Adding a swing set to your backyard is a wonderful way to get your kids outside to get some exercise, burn off energy and get fresh air. Making sure your swing set is properly set, spaced, and anchored is critical to avoiding falls and injuries.
Start with 6 Feet
Every playset needs 6 feet of clearance all around it. Before you add the swings, lay the hookup points on the ground under the swing bar and stretch them out as far back as they will go to determine the full arc of the swing. Double that to determine the total open space you need around your swing set.
It would be nice to think that your older children will never swing out to the fullest arc before jumping off. It would also be nice to think that they wouldn’t climb the biggest trees in your backyard.
However, childhood is a time of tremendous exploration and creativity. At the end of the day, making your family swing set as safe as you possibly can will reduce worries.
Create a Safe Base
Once you have determined the best spot for your swing set, you’ll need to make sure you have a soft base. While many folks put their swing set down on spring grass, this can actually lead to hot summer hazards. That grass will dry in the summer sun and the ground will get extremely hard.
Rubber mulch is an ideal choice for a soft surface under a large swing set. If your children are small enough to test fit everything in their mouths, rubber matting may be a better choice. Do make sure that you use rubber products designed for playground use. Shredded rubber for landscaping can contain metal shards.
Wood chips are another soft option under a swing set. If your children are often barefoot, wood is not a good option. There is also a risk of mold under the wood chips, they are easily dispersed by dragging feet, and they will need to be topped up seasonally.
Sand and pea gravel offer some protection under a swing set. Neither of these are great mulch products; your swing set area will need to be lined with weed blocking fabric before you put down the sand and/or pea gravel.
Anchoring Your Swing Set
The size of your swing set and the size of your children will impact your need to anchor the toy. For example, you may need to start with pound-in anchors to secure a smaller swing set for your young children. As your children get older and can climb higher and swing harder, you may need to set your swing set with concrete.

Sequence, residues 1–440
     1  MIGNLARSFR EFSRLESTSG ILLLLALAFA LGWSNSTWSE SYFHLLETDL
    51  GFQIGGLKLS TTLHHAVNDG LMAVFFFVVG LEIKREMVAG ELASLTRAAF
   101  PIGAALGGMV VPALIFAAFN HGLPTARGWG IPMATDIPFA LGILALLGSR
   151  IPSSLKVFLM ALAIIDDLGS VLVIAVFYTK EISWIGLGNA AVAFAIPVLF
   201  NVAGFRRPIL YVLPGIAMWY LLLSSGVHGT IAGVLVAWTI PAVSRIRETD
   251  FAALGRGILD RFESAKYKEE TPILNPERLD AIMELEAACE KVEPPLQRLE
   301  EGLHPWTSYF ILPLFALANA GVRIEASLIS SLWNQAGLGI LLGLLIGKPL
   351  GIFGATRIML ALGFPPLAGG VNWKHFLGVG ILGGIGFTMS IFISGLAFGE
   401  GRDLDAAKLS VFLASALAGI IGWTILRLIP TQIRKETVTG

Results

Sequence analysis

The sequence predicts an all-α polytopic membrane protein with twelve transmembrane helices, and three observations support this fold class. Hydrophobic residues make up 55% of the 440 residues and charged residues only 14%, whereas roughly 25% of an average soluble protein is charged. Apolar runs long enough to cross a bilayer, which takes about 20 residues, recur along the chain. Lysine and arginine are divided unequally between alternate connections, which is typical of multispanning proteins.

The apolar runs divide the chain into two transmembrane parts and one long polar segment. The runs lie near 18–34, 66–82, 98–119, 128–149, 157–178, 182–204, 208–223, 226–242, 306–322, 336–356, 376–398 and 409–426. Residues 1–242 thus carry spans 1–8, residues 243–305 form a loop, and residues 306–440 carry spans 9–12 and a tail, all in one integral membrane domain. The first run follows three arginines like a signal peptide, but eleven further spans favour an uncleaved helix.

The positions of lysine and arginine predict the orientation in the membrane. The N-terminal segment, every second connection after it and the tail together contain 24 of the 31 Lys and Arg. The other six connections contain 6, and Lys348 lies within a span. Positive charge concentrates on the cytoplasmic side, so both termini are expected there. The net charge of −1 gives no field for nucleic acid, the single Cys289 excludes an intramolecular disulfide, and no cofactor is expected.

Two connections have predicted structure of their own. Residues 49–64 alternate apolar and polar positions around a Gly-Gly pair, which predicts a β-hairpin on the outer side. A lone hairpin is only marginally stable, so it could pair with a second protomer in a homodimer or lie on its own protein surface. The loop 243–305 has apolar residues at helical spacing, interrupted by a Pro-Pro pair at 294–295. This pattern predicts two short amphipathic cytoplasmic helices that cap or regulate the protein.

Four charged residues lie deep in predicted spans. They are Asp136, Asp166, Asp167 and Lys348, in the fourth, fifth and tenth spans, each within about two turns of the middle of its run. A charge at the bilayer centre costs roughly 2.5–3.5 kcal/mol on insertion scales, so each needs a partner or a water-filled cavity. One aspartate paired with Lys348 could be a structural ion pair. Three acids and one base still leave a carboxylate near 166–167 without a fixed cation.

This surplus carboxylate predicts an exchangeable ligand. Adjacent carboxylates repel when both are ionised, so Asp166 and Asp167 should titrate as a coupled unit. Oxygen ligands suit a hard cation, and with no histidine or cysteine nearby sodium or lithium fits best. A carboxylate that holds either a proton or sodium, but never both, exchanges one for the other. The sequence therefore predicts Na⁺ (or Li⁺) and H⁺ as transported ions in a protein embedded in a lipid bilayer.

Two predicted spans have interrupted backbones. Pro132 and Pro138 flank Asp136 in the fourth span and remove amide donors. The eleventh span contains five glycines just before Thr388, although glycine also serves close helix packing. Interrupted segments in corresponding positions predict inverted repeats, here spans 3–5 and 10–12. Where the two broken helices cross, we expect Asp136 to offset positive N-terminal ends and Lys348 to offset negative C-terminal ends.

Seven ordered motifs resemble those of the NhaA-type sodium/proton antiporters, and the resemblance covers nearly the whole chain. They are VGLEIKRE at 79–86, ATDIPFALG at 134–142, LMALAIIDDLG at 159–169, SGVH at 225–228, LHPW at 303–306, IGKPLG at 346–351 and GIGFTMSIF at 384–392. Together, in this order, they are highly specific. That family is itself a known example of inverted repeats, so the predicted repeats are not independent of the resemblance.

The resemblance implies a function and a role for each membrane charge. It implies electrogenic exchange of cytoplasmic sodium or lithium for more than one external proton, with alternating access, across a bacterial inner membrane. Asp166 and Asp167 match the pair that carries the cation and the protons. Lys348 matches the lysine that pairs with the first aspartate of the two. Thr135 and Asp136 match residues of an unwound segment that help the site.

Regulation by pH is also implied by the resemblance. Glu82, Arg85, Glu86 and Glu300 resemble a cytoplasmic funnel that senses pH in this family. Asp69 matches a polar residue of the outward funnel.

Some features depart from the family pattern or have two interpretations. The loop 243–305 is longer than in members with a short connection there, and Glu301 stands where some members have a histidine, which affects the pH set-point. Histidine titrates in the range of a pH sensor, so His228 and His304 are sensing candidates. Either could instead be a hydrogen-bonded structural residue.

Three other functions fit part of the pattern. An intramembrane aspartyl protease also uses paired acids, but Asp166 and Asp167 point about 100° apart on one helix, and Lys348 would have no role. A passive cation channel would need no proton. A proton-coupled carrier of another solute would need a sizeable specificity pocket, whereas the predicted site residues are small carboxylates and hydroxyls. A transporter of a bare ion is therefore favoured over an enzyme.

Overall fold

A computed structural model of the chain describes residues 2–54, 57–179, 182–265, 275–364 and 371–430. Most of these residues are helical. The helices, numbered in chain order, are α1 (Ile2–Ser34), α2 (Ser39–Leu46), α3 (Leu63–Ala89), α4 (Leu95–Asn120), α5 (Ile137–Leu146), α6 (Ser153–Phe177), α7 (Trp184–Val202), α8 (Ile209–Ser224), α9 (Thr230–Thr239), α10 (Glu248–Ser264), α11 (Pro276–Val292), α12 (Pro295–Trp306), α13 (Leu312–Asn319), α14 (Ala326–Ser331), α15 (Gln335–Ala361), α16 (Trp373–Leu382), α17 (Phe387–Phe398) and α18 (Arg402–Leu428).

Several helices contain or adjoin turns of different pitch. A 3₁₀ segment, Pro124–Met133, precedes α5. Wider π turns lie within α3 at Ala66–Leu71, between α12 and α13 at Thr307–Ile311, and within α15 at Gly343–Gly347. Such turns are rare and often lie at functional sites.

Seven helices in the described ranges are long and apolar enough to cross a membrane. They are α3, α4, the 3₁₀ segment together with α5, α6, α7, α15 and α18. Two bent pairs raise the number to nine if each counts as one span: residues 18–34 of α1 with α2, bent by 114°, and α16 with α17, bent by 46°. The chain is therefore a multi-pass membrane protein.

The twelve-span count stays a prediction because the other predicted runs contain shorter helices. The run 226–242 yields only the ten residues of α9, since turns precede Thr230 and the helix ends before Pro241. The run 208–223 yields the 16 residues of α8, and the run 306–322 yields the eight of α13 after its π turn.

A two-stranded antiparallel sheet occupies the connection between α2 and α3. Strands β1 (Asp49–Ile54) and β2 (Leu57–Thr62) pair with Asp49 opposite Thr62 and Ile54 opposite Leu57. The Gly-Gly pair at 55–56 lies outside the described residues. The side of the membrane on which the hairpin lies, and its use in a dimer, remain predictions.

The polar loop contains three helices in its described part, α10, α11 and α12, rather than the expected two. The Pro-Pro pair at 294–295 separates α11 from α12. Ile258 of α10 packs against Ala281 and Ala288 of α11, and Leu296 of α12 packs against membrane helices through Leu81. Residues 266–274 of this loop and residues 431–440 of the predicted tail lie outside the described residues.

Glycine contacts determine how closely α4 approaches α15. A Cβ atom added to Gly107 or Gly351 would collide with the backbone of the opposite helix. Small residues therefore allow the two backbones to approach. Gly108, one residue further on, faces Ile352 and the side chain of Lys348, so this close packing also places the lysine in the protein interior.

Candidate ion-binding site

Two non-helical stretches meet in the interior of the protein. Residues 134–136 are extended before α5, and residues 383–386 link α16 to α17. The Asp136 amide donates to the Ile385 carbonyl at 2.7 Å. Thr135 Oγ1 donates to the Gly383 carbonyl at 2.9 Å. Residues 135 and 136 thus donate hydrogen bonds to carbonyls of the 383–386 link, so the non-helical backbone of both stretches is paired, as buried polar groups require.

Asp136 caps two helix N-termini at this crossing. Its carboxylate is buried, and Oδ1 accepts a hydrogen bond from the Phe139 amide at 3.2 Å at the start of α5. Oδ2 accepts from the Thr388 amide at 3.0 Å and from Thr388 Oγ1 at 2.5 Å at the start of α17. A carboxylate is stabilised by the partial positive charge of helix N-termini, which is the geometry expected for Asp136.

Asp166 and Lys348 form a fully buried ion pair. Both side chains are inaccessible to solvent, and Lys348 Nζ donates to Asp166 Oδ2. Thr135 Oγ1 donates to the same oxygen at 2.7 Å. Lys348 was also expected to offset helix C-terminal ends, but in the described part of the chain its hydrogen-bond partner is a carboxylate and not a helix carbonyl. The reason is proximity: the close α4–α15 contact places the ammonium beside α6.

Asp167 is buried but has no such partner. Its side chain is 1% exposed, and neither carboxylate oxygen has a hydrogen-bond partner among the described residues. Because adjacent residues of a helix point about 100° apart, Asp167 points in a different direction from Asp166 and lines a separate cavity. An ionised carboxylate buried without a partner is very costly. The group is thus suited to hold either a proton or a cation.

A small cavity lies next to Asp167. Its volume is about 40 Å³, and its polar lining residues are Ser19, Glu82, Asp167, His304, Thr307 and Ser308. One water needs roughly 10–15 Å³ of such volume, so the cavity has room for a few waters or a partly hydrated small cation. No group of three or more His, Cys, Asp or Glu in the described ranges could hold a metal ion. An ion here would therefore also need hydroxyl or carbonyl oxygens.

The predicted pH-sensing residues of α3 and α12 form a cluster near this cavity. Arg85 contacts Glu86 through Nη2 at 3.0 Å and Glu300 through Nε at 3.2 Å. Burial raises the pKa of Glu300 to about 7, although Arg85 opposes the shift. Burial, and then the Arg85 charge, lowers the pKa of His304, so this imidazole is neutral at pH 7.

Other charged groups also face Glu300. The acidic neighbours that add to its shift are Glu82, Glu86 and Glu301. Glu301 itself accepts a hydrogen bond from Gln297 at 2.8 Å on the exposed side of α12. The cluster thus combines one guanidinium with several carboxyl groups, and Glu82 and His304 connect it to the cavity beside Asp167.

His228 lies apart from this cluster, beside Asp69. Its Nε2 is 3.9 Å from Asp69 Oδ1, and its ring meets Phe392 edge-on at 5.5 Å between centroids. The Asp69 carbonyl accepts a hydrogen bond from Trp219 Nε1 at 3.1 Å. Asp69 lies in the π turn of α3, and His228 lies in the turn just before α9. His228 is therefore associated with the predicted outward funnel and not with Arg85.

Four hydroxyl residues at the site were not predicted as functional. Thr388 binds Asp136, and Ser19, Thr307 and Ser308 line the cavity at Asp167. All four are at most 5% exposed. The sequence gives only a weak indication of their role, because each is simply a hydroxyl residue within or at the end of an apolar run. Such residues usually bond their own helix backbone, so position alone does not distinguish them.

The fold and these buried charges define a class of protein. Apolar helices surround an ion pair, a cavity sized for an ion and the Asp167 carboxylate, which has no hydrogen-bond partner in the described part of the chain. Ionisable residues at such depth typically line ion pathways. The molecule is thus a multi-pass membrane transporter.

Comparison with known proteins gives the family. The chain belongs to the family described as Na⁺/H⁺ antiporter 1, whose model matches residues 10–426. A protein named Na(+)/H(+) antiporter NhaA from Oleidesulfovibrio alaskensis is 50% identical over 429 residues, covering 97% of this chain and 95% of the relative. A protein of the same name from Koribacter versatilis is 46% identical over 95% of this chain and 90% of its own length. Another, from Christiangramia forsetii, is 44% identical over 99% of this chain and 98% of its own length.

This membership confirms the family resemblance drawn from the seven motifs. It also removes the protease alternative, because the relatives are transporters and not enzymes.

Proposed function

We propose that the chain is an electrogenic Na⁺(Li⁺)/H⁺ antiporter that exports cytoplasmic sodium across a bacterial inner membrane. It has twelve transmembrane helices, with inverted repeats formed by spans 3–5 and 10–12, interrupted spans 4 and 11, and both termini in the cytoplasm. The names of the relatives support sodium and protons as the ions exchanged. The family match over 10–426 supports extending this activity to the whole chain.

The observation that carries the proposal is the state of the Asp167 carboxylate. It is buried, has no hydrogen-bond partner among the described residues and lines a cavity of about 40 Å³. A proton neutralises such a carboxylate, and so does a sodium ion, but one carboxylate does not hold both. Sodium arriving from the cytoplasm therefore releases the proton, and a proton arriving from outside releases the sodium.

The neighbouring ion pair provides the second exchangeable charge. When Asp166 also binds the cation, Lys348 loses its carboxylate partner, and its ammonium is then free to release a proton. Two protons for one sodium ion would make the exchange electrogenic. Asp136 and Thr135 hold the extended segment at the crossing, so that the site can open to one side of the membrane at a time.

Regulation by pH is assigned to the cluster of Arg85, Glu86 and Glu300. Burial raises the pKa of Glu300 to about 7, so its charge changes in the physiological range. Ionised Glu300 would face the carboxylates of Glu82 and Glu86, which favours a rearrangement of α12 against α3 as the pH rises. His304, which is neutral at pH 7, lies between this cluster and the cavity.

Staking a swing set can be risky if your children love to play with tools. You may take the weekend to stake out the swing set, but your tool-happy child has hours to start working those stakes out.
If you use rebar to secure the swing set, wet weather and hard-swinging can cause them to pull out. The top of the anchor could become a tripping and scratching hazard over time.
Older children will need a bigger swing set. If you choose to concrete in any of the posts on a larger play set, do make sure you call first to avoid hitting any lines that could put you at risk.
Safety Points to Check
Large wooden play sets are an excellent investment, but they will need regular checks to make sure that they are secure. For example, extreme temperatures can cause the wood of a large swing set to split at the hardware points.
Hot sunshine will dry out the wood. Wet weather can lead to mold growth on your wooden swing set.
Do what you can to prevent wood stability loss. If you’re building the swing set, make sure you pre-drill all holes before you set screws. Instead of screwing in a platform or a swing, invest in bolts that can be threaded through and locked down with a nut.
The wood may degrade over time as the hardware works inside the hole, but you will be able to plan to repair those problems. Screws fail unseen and can lead to nasty falls without warning.
As you work to protect the wood, make sure your swings, chains, and ropes are also easy on little fingers and hands. Unless your hemp rope is extremely old and well-oiled, your children can get splinters. Chains can pinch little digits.
A steel chain with a rubber coating will be protected against rust damage and will be easy to hold onto.
Make sure you seasonally check all hooking hardware. If you have eye-bolts to hold up the swing chains, make sure that the bolt itself is not rusted and that the curve of the bolt is not showing signs of wear.
Grab the eye hook and give it a good shake to make sure it’s secure. Water seal the wood of your swing set when the kids go back to school.
Finally, check the spacing on ladders, decks, and climbing platforms. Older children may know better, but a curious toddler can quickly get themselves into trouble trying to crawl into a space that is almost big enough for them.
If you’re adding a ladder to a large wooden play set, make sure it’s got enough of a lean that small children can rest on it as they build their climbing skills.